How To Remove Coffee Stains From Coffee Pot

For most, coffee is an essential part of their morning routine.

Unfortunately, the acidic coffee can build up and create coffee stains in your coffee pot, no matter how well you keep it clean.

Removing coffee stains from your coffee pot is very easy and uses only three household items.

Continue reading below to learn how to remove coffee stains from your coffee pot.

What You’ll Need:

Now that you have the couple items that you need, keep reading below for step-by-step instructions on how to remove coffee stains from your coffee pot.

1. Add Baking Soda

Add about two tablespoons of baking soda to your coffee pot.

If your coffee pot is particularly dirty or larger than the average size coffee pot, consider adding more baking soda to the coffee pot.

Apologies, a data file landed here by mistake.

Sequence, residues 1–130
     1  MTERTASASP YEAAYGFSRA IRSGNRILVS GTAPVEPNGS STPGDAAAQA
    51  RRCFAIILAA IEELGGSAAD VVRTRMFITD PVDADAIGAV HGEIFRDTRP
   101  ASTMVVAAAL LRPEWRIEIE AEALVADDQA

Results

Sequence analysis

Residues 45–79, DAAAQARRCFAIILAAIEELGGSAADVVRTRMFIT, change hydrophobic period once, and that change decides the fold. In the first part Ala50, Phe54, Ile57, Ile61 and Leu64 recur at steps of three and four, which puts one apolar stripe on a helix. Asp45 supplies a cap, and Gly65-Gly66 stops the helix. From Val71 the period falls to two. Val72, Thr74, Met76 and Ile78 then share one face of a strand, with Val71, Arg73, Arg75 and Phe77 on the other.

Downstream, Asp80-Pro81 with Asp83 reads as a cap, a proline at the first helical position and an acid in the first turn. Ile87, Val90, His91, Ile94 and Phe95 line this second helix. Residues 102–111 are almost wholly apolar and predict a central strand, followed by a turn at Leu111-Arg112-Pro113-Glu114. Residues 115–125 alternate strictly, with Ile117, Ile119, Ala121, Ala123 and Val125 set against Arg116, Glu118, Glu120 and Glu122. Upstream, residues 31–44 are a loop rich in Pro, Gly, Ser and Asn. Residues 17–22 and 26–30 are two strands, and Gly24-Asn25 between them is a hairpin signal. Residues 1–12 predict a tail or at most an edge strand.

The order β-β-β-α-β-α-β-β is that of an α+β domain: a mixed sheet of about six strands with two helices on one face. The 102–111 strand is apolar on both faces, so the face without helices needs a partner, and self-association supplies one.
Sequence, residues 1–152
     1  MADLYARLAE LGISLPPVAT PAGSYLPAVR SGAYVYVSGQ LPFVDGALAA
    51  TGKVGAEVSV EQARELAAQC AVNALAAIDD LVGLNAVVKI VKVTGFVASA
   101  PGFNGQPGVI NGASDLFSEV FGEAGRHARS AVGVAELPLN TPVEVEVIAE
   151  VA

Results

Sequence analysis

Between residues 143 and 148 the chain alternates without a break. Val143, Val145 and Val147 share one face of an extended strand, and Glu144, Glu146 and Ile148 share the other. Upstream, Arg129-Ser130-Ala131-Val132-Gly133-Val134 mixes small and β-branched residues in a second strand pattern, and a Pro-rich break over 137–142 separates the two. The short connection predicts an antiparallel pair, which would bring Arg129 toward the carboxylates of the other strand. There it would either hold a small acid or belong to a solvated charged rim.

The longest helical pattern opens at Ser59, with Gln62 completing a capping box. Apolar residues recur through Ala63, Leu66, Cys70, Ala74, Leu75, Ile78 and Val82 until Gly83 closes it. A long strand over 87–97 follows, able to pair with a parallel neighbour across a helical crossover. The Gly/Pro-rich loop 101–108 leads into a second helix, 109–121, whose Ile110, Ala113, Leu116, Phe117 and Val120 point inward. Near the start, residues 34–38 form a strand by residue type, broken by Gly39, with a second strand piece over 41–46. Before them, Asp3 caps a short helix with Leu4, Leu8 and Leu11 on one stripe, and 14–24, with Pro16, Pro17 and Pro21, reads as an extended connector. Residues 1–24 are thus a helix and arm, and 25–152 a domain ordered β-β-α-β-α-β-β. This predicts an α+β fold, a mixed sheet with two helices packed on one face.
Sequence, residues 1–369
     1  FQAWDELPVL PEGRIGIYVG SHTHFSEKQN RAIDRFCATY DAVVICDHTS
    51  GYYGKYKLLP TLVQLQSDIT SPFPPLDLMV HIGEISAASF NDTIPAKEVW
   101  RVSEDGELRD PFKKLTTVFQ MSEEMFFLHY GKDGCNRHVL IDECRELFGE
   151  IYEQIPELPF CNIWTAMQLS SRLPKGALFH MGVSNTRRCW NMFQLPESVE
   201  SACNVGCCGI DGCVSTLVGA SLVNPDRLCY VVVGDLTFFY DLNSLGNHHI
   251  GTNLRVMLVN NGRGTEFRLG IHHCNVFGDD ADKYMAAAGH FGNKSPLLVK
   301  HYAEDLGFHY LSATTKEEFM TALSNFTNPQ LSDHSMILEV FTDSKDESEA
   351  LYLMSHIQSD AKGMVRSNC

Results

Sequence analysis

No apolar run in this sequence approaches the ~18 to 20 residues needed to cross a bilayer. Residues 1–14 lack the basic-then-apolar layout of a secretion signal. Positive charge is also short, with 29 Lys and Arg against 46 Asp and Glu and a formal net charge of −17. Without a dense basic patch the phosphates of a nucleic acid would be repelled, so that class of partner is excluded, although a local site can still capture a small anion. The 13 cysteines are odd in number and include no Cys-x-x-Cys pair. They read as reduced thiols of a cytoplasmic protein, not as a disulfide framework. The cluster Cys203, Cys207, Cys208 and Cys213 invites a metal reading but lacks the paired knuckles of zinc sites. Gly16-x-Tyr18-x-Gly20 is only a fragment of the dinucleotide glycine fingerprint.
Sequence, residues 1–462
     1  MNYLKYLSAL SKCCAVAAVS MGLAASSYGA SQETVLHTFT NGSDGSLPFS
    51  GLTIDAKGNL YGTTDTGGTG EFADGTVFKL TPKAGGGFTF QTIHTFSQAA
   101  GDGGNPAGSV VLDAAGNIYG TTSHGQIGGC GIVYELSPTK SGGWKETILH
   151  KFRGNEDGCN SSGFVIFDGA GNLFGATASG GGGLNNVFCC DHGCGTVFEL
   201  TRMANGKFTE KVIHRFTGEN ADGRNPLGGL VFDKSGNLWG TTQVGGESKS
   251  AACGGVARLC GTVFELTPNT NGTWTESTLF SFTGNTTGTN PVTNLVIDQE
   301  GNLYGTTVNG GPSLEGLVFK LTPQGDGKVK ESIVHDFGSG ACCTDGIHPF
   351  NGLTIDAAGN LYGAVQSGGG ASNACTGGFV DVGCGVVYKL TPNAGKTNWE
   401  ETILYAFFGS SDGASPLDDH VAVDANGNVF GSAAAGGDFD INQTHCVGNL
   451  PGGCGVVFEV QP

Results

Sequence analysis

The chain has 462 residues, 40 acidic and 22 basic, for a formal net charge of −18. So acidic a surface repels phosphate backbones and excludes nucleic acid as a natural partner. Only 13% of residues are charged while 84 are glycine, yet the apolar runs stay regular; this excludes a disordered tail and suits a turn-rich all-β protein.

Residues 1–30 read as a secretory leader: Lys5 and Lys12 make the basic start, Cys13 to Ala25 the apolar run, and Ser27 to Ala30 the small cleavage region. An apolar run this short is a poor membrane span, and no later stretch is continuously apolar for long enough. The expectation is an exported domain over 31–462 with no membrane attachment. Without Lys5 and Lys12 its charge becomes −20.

2. Add White Vinegar

Add enough white vinegar into the coffee pot carafe to coat the bottom.

It should bubble up as the acidic white vinegar mixes with the alkaline baking soda; this is normal.

It is going to tackle all the buildup from coffee stains that have been created over time.

I recommend Lucy’s Family Owned – Natural Distilled White Vinegar.

It’s made by a family-run business and gets excellent reviews on Amazon.

3. Wipe Coffee Pot

Use a clean rag or sponge and wipe the coffee pot to use friction to remove any of the coffee stains.

I recommend using these microfiber cleaning cloths that I found on Amazon.

They tend to last longer and also get wonderful reviews on Amazon. 

4. Rinse the Cleaning Solution

Next, rinse out the baking soda and white vinegar solution with clean water.

In addition, you can also place the coffee pot into the dishwasher for an extra boost in cleaning. 

5. Upkeep for Your Coffee Pot

Every couple of months or once you see the beginnings of a coffee stain, you will want to clean your coffee pot using a similar method to the steps above. 

You can add the same amount of baking soda and white vinegar and then swirl it around in the coffee pot.